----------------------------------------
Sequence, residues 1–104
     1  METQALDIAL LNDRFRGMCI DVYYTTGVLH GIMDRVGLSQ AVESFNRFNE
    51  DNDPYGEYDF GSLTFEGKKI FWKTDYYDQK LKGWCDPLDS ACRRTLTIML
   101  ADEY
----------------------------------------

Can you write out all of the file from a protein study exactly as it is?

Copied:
Sequence, residues 1–104
     1  METQALDIAL LNDRFRGMCI DVYYTTGVLH GIMDRVGLSQ AVESFNRFNE
    51  DNDPYGEYDF GSLTFEGKKI FWKTDYYDQK LKGWCDPLDS ACRRTLTIML
   101  ADEY